Why Should Medical Writers Learn Medical Terminology?

why-should-medical-writers-learn-medical-terminologyIf you’re a new medical writer, you may wonder which skills are essential for success. Whether you choose to write regulatory documents, promotional content, patient education materials, or journal articles, you’ll need a strong writing foundation. Part of that foundation includes learning to understand, write, speak—in general, to communicate!—using the jargon of the field: medical terminology. 

Why You Should Learn Medical Terminology 

Learning medical terminology is essential to navigating the world of medical communication. In each of the four situations below, you’d rely on your knowledge of medical terminology to succeed in your job.

Deciphering source documents 

It’s common for medical communicators to read medical journals and pharmaceutical documents. Unsurprisingly, these articles are often filled with highly technical medical jargon. 

With a solid knowledge of medical terminology, you’ll be able to understand these documents immediately or decipher medical terms on the basis of their derivation. 

Writing for health care professionals 

If you’re writing for a professional medical audience, you’ll be expected to use correct medical terminology. 

When writing for the public, you’ll need to translate medical terminology to make it easily understood by patients and their family members. At other times, it’s advisable to explicitly define medical terms so that readers can accurately and specifically describe their experiences and symptoms to their physicians. 

Editing manuscripts 

For an editor, it’s important to stay up-to-date on medical terminology and to be familiar with the American Medical Association (AMA) Manual of Style, the standard in medical publishing. Make a habit of checking a medical dictionary regularly if there’s a term you don’t understand immediately. This will help you avoid inadvertently introducing errors or neglecting to correct common medical style mistakes

Communicating with other professionals 

As a medical writer, you will often interview subject matter experts, communicate with potential supervisors or clients, or speak with colleagues about medical communication projects. Having a solid grasp of medical terminology will help you understand what people are talking about. It will also help you present yourself as a valuable professional who can communicate accurately and competently—even about complex or highly technical subjects.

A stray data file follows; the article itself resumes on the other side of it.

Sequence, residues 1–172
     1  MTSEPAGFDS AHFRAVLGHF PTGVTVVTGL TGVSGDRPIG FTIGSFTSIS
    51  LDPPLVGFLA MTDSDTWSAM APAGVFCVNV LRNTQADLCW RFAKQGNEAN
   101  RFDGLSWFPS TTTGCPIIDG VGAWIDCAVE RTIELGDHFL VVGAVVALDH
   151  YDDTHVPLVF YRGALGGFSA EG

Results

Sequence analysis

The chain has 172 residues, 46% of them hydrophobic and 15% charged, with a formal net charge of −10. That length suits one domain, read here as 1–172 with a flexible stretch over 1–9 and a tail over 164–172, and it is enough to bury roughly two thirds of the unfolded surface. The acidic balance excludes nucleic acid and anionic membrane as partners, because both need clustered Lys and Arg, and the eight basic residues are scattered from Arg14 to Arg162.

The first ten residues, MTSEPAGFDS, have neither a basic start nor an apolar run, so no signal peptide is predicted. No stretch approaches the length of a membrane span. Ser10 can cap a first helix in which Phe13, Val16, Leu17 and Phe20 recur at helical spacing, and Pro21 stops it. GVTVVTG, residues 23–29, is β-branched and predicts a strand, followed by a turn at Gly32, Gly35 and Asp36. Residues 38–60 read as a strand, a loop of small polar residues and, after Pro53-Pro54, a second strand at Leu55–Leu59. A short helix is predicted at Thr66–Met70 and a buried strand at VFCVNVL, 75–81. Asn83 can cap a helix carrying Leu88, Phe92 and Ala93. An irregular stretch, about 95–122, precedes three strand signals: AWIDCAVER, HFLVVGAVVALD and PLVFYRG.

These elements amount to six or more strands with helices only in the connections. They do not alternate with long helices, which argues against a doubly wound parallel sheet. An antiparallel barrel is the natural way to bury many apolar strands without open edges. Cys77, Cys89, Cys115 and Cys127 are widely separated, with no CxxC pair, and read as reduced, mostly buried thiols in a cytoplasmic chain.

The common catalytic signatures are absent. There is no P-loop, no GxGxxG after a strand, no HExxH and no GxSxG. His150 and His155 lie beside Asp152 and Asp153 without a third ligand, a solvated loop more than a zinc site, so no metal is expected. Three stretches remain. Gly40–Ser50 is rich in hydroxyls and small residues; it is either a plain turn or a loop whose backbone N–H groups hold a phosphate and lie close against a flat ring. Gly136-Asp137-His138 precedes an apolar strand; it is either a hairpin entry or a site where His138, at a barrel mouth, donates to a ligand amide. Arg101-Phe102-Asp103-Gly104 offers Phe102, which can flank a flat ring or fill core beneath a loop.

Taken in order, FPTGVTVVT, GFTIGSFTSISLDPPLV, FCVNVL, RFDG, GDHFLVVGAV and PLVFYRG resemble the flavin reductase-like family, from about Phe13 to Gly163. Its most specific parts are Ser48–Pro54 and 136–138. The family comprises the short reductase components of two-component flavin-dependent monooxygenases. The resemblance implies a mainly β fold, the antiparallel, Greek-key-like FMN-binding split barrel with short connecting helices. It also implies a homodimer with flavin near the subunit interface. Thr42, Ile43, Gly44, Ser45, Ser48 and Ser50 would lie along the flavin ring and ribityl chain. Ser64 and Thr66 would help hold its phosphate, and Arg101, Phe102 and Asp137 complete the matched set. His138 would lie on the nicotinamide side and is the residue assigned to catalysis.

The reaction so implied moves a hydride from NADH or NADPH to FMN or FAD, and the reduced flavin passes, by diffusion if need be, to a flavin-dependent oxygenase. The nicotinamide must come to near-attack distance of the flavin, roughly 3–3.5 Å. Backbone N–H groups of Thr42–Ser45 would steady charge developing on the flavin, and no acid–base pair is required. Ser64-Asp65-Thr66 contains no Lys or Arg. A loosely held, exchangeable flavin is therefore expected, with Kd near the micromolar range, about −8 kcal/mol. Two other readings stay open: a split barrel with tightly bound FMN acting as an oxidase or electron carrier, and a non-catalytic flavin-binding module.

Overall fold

The Basic Components of Medical Terms

Pick up a medical dictionary and you’ll immediately understand the vastness of medical terminology. As science and health care continue to advance, the dictionaries keep growing. 

A career as a medical writer requires a steady commitment to learning. You’ll need to continually refresh your knowledge of medical terminology and stay on top of the latest technical language in your niche. But no matter how many new medical terms are added each year, the three basic elements remain the same: prefixes, suffixes, and combining forms (word roots followed by vowels).

Prefixes

Prefixes are added before the main part of a word to provide additional meaning. Some prefixes in medical terminology will be familiar from other parts of life. For instance, pre- means “before,” while micro- means “small.”

Here are a few more prefixes commonly found in medical terminology:

  • nano-: one billionth, very small
  • peri-: around
  • supra-: above

Suffixes

Suffixes are placed after the main part of a word to provide additional information. Think about the word “anemia.” The suffix -emia refers to a blood condition. The word “anemia”, for instance, is a combination of an- (meaning without) and -emia (referring to a blood condition). Anemia is a condition in which there is a lack of red blood cells in the body.

Here are a few common medical suffixes:

  • -metry: measurement
  • -plegia: paralysis
  • -rrhea: discharge, excessive flow

Combining forms

In combining forms, a root word is followed by a vowel to aid in pronunciation. For instance, we say venipuncture (“puncture of a vein”), not venpuncture. 

Here are a few examples of combining forms:

  • adip/o: fat
  • lapar/o: loins, abdomen
  • ven/i or ven/o: vein

If you’re well disciplined, you can study medical terminology using textbooks, websites, and a variety of AMWA resources. Once you’ve mastered the basics, schedule time to regularly review new and updated terminology. Mastering medical terms is critical to becoming a successful medical writer.

Ultimate_Guide_to_Becoming_a_Medical_Writer_Download

October 19, 2020 at 8:00 AM

American Medical Writers Association

AMWA is the leading resource for medical communicators. The AMWA Blog is developed in partnership with community members who work every day to create clear communications that lead to better health and well-being.